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INDIANA
02-22-2003, 12:13 PM
I think I've come as far as I can with head and limb swaps and would like to go the next step into painting. I'm a moron with painting. I also can't get a torso appart. How do you paint at joints so they can still be moved without rubbing off the paint? Is an air brush good to use or does everyone just put on 5 coats? If you pop a figure apart, can you boil painted pieces to pop them back together? Do you use a sealer?

Every time I try this I screw it up and get very frustrated. I would like to make an AT-ST Driver using the Imperial Officer body but I know that's WAY beyond me at this point.

Any help would be greatly appreciated!

Rogue II
02-22-2003, 01:04 PM
Try this website:

http://www.ffurg.com/articles/painting.htm

Jargo
02-22-2003, 01:05 PM
What paint are you using?

As far as painting the figure with the limbs attached, some advocate not doing it and some like me do so anyway, use a very thin brush and a brush with long bristles. Use a thinned paint and just apply thin coats. give the painer a much longer drying time than you normally would, dry to touch means it's probably still wet underneath and movement will possibly crack the surface layer and drag the wet paint below.

Totally dry enamel paint should be safe to boil and pop. depends what you boils and pops. What you have to remember with enamels is that the paint retains some elsticity even after the reccommended drying time is up. This can be anything up to a month in total. It takes a long time for the solvent to evaporate and the solution harden. Acrylics I know next to nothing about. Just don't like the look or feel of the paint and think enamels used sparingly get you closer to a Hasbro look.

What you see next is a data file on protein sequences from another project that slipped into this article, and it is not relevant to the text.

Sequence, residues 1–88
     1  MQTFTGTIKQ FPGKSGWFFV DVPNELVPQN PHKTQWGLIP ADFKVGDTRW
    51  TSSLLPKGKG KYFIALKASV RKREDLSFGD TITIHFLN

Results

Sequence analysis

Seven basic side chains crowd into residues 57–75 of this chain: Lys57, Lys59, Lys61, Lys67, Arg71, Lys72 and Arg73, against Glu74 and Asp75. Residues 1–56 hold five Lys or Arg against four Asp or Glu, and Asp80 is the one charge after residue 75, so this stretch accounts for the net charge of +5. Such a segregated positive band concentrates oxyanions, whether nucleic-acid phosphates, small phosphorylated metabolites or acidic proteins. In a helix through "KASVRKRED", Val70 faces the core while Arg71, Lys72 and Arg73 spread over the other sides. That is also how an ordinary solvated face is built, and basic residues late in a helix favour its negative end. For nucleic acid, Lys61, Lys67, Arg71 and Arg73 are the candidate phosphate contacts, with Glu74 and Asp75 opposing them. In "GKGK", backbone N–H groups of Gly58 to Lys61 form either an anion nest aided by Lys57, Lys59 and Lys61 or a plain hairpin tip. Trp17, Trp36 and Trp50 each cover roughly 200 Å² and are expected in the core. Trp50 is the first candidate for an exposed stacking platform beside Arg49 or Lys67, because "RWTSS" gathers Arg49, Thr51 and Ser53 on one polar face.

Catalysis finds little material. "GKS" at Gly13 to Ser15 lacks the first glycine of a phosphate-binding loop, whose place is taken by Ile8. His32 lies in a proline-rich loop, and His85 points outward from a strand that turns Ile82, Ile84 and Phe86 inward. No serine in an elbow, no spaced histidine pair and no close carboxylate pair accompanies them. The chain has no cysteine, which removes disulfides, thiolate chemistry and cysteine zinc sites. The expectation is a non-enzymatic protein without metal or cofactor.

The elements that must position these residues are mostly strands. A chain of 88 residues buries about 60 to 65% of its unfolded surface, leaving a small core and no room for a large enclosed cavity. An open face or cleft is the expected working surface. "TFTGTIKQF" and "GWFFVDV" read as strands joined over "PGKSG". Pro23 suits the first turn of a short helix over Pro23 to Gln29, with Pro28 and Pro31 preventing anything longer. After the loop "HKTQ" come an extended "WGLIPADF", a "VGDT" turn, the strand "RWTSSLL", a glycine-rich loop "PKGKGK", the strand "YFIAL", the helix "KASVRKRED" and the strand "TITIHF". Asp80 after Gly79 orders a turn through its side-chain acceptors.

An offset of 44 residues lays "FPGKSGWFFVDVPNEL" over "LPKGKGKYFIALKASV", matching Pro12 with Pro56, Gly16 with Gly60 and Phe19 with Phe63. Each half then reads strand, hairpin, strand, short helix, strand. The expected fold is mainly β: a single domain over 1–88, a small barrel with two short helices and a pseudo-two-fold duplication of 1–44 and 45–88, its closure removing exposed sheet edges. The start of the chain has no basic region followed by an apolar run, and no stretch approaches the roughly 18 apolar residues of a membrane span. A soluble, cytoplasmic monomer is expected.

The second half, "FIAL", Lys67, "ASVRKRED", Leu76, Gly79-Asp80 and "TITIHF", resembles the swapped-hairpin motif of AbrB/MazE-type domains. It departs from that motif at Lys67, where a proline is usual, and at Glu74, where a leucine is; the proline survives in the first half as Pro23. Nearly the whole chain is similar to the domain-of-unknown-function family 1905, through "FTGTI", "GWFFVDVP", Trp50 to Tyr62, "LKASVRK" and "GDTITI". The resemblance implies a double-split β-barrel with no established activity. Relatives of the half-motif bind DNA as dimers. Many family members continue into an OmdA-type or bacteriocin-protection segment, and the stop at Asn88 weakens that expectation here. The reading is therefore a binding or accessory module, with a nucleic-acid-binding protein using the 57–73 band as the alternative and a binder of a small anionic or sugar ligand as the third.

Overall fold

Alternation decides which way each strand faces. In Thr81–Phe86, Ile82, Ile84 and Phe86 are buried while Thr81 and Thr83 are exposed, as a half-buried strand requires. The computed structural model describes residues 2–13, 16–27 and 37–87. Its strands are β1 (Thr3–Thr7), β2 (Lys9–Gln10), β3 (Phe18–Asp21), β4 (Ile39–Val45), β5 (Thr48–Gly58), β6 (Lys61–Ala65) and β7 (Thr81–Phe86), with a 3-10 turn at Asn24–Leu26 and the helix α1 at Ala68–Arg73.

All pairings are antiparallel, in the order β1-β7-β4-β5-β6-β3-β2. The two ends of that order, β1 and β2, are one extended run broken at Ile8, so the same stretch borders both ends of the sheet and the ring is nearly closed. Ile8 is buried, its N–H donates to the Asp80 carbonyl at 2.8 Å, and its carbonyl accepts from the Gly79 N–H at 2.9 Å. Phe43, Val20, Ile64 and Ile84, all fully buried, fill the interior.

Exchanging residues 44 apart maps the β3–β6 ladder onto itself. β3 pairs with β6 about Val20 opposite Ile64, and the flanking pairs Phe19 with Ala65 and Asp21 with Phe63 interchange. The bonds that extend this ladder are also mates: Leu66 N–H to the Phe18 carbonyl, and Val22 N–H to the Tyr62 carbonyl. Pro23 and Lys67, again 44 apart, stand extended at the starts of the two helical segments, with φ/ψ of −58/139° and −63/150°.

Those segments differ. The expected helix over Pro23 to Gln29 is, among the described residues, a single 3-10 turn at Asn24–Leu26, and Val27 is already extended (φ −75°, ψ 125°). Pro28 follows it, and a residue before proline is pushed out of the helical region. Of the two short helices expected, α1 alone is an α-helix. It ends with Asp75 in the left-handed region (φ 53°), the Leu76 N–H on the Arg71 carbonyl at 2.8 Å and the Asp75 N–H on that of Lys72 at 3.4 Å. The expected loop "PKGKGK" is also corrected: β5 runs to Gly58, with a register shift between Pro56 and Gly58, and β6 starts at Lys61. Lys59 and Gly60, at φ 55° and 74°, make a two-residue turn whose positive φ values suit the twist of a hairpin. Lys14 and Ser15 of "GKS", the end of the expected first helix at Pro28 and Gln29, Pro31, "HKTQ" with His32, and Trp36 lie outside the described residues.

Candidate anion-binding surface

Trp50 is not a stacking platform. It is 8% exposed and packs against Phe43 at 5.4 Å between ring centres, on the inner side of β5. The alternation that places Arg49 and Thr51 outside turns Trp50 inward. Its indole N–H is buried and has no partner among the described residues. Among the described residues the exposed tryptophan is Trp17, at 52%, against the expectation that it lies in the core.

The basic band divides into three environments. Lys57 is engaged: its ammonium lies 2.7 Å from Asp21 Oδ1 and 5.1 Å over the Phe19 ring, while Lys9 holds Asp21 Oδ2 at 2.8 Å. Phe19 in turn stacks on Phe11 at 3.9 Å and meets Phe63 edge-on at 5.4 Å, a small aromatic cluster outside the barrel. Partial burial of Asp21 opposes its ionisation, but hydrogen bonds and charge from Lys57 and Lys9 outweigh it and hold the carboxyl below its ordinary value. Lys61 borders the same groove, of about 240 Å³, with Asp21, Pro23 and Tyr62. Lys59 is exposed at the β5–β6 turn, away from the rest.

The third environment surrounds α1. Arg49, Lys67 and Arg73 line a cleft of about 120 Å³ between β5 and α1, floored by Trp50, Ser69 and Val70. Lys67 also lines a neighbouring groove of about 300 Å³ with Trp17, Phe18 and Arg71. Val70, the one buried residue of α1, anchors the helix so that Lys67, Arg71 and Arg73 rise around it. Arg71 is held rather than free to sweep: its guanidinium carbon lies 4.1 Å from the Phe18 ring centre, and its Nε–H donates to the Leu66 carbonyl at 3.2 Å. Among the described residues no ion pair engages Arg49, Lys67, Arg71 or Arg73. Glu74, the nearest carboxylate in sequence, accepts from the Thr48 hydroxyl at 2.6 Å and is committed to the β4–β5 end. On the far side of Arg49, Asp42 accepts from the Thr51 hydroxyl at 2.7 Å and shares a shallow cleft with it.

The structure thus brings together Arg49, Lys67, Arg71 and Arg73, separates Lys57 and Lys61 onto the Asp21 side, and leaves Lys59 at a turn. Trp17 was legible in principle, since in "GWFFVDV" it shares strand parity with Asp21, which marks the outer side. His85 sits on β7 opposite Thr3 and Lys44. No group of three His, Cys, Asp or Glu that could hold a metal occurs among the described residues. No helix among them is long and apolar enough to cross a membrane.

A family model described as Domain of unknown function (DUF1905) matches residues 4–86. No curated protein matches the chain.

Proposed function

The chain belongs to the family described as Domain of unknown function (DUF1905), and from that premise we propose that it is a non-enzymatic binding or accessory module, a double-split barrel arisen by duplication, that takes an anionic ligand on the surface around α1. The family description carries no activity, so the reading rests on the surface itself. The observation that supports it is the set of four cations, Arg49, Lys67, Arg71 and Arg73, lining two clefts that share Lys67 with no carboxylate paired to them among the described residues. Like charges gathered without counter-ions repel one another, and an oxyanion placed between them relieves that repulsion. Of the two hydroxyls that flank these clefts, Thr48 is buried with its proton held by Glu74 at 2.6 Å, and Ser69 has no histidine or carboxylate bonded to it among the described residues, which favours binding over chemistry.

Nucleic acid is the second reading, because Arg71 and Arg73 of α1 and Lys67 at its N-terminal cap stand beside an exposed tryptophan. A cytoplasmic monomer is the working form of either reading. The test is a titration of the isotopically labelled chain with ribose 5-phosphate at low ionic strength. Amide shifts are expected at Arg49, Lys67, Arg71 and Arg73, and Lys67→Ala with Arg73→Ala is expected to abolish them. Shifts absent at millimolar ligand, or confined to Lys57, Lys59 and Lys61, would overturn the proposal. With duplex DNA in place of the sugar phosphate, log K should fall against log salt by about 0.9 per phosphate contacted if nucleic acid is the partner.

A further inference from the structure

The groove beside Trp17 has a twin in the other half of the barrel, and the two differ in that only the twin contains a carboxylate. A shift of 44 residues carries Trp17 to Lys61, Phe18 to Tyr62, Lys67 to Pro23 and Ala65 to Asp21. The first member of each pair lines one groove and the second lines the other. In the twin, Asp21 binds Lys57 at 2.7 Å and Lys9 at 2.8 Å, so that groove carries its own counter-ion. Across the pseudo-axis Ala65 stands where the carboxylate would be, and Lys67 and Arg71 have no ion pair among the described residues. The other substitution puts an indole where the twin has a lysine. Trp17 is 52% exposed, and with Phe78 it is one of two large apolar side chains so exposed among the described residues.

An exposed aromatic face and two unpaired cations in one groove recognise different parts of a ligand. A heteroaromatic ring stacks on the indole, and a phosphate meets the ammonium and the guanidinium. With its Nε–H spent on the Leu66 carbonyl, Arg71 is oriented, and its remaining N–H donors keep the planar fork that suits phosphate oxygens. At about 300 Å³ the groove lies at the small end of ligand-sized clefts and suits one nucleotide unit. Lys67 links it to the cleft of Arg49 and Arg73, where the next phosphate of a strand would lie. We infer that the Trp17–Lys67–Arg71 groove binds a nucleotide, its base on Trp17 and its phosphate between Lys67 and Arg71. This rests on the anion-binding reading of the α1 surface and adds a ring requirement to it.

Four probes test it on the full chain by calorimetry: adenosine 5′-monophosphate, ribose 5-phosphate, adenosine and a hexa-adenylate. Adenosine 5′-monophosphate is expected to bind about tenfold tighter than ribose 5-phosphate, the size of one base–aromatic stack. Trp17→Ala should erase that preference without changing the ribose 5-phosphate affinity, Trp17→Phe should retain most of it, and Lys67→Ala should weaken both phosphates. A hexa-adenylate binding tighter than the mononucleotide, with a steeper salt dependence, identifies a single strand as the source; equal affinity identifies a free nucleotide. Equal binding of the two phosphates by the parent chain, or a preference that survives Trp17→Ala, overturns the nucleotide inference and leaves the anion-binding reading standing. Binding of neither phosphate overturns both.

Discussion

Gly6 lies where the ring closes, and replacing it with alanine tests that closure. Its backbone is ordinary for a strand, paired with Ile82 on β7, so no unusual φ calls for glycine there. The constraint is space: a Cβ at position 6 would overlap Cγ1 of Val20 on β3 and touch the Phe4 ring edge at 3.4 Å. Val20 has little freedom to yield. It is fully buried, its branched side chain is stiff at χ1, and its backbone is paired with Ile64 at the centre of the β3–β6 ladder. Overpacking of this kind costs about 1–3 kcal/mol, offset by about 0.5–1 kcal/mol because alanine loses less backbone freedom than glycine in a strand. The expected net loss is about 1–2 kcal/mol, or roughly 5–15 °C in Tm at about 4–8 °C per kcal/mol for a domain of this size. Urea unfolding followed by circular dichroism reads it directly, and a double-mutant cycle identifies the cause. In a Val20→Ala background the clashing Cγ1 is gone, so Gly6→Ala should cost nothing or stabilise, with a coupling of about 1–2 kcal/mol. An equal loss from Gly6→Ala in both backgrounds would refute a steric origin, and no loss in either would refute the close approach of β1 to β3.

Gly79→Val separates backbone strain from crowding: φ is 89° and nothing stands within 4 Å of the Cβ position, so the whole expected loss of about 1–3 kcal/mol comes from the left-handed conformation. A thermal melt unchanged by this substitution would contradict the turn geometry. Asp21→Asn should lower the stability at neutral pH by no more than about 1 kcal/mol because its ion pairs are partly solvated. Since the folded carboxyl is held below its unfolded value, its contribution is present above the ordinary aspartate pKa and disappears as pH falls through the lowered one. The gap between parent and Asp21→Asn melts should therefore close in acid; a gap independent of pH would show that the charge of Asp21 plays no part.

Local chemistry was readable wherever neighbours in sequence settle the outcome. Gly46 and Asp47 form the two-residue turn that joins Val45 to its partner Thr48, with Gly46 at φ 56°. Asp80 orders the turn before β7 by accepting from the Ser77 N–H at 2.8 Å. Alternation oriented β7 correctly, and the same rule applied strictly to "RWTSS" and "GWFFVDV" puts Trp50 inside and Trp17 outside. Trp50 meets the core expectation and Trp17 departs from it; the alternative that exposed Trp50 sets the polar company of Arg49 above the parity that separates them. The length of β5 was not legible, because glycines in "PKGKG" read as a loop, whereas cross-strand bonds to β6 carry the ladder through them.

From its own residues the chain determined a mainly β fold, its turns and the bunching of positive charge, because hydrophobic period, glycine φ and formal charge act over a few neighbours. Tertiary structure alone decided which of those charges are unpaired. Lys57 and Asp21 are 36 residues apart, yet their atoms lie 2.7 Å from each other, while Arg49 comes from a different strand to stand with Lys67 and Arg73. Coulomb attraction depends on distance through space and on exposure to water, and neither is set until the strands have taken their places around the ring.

Airbrushes are fantastic tools but take a lot of getting used to. You need to mask areas off and there's a rubber like solution you can get at art stores for doing this. After you finish painting the rubber mask just rubs off and you have a perfect edge. Very coll stuff but possibly not cheap. It's used by watercolor artists a lot.
Airbrushing is a technique that's a bit like riding a bike, once learnt never forgotten. But it's a quite precise skill to master the gentleness and deftness of touch when painting something so small. It's possible to airbrush eyebrows on with skill and practice, but for simply covering large ares it provides the cleanest smoothest finish using the thinnest layer of paint. Which is the best thing anyone could hope to achieve on their figures. It's incredibly useful for blending colors together too, gentle gradients and shades can be achieved in seconds.